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A book with a drawing of the female pelvic anatomy with the page slowly turning.

My Favorite Endometriosis Reads

When I was first diagnosed with endometriosis, I was at a loss. I had done a lot of research online, but at the time, there really wasn’t much information. I slowly started to join endometriosis groups and connecting with other endometriosis sufferers online. Learning more and more each day, I really became intrigued with my illness. I longed to learn more, to become so knowledgeable that I could educate anyone I came across. So, I decided to start searching for books.

I have always loved to read. It sounds crazy, but as a child, you could always find me nose deep in a book. For hours. And the library was probably one of my most favorite places to go. (Besides the ice-cream shop!) So after my diagnosis, I turned to Amazon, because, what can you not find there? I googled chronic illness and honestly, not too much came up. And then typed in endometriosis. There still was not much to pick from. But I found a few and ordered them. There was something comforting about reading about others stories and struggles with this illness. I know I was talking to so many women online with this illness, but reading it in a book made me feel so much more connected. I didn’t feel alone. And now, even though it has only been 3 years since my diagnosis, there are even more books out there about this illness.

So here are my top favorite endometriosis books I have found helpful.

The Endo Patient’s Survival Guide

This guide was written by Andrew S. Cook, Libby Hopton, and Danielle Cook. Although it is not necessarily a book per say, or a specific story of someone’s diagnosis, it is a GREAT resource guide for all things endometriosis. From going over the basics to looking deeper into this illness, it has all the information you may need. And it is easy to understand. Sometimes, I find books can be too technical, with their medical terms, making it hard for me to follow. This guide is very basic and to the point. It is actually something I carry around with me often, incase I come across someone who is not familiar with endometriosis. The diagrams, drawings, and fonts make it fun to look at as well, something else I find important with books; I need to be intrigued by it, otherwise, I quickly put it down.

Stop Endometriosis and Pelvic Pain

This was also written by Andrew S. Cook. Dr. Cook is an internationally acclaimed specialist and in this book he talks about how to find the best doctors and health care providers, reasonings for why endo surgery is done poorly often, why patience are typically misunderstood and mistreated, and his treatment program that he has found to be successful. Although this one was more medical-related, meaning, more medical terms, I did not find it hard to follow. In fact, I found it very helpful!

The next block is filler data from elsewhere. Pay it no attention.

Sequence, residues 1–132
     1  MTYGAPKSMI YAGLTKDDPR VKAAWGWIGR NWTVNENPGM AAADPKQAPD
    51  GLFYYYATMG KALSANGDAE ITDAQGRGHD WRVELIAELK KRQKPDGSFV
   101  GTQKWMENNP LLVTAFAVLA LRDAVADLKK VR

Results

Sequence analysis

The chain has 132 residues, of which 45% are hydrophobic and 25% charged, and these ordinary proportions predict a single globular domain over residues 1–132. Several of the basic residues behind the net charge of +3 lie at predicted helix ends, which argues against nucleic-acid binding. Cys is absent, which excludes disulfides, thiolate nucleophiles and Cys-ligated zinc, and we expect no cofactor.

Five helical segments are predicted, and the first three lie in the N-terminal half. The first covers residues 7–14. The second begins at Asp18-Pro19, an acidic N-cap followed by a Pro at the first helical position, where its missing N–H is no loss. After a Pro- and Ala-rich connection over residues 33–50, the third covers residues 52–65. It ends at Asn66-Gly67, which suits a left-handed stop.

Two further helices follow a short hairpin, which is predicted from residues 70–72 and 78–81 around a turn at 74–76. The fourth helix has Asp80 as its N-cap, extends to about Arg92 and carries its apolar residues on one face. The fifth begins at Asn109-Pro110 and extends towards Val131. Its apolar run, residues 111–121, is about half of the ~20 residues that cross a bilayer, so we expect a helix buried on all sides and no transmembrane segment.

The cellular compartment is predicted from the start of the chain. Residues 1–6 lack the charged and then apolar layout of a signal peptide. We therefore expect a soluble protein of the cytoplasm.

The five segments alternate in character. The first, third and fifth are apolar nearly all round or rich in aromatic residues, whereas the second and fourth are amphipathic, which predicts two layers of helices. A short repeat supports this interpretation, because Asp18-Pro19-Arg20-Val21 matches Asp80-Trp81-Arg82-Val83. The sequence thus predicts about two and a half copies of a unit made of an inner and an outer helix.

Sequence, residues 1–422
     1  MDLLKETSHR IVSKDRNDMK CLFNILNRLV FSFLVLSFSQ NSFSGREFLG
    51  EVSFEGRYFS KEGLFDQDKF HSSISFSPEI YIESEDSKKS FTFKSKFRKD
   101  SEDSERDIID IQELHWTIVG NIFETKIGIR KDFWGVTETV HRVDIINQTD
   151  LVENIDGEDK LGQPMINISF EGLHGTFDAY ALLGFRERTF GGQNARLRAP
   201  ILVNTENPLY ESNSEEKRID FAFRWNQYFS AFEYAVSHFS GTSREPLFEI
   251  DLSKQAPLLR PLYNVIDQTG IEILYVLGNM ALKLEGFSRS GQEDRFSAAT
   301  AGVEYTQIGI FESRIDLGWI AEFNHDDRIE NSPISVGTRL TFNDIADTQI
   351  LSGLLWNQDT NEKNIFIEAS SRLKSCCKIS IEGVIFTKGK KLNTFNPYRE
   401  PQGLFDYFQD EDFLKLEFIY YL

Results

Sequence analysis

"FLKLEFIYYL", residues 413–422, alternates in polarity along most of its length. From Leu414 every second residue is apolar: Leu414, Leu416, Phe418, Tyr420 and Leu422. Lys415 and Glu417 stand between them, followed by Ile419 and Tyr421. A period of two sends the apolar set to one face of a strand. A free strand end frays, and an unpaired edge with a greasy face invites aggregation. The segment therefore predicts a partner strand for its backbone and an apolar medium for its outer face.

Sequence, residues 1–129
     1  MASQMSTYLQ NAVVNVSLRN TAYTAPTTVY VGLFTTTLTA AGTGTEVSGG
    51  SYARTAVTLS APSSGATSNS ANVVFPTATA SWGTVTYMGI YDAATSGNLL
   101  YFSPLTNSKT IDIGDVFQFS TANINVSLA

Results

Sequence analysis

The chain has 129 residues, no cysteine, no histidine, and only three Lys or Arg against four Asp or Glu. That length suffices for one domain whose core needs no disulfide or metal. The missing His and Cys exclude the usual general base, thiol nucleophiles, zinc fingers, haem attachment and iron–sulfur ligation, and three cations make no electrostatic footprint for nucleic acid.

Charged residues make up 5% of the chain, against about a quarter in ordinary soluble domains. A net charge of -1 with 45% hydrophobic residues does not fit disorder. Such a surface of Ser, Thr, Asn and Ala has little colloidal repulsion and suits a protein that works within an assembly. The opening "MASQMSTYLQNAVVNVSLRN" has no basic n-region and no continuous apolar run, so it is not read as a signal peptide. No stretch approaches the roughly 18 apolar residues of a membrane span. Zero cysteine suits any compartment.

From Pain to Peace With Endo

This book was written by Aubree Deimler. She was actually one of the first with endometriosis that I started following and interacting with on social media. I loved reading about Aubree’s journey from before diagnosis, to diagnosis, and after. She gives so much great information. I love her determination to heal naturally. I know for so many, talking about naturally healing angers them. But it is something I truly believe in and reading Aubree’s story, definitely encouraged me to take that route as well. This is also a great book to better understand how to decrease inflammation, connection between hormones and endometriosis, and the importance of releasing toxins from your body and mind.

Endometriosis: A Key to Healing and Fertility Through Nutrition

Written by Dian Shepperson Mills and Michael Vernon, this book offers a lot of hope and support to all us sufferers out there. Although I found it a bit difficult, a lot of medical terms, it was still very informative and educational. I specially enjoyed reading the case histories of women who were able to gain their quality of life back. It sure does give you hope to read.

Whole New You

This is actually a cookbook written by Tia Mowry. I loved her in Sister Sister, and would watch it daily as a child, so finding out she had endometriosis as well was, in a sense, cool. This was actually my very first endometriosis-related book I ordered, the day after my surgery. (I wanted to get my health and nutrition on track right away.) I loved how it wasn’t ‘just a cookbook’. In fact, throughout, she talked about her endometriosis journey. I really connected to her story and to top it off, the recipes are delicious!

The Doctor Will See You Now

I saved my very favorite for last. Written by Tamer Seckin, this book is so moving and informative. In fact, I am pretty sure it’s the favorite among almost all of the endometriosis warriors I know. From talking about the disease, to symptoms, misdiagnoses, care, and support, this book will leave you feeling as though you are not alone. I found so much comfort in reading this book and have read it over and over again.

There are many amazing endometriosis books out there that I haven’t listed or been able to read yet. I would love to know, what are some of your favorite books about endometriosis? Or that you have found helpful since your diagnosis.

This article represents the opinions, thoughts, and experiences of the author; none of this content has been paid for by any advertiser. The team does not recommend or endorse any products or treatments discussed herein. Learn more about how we maintain editorial integrity here.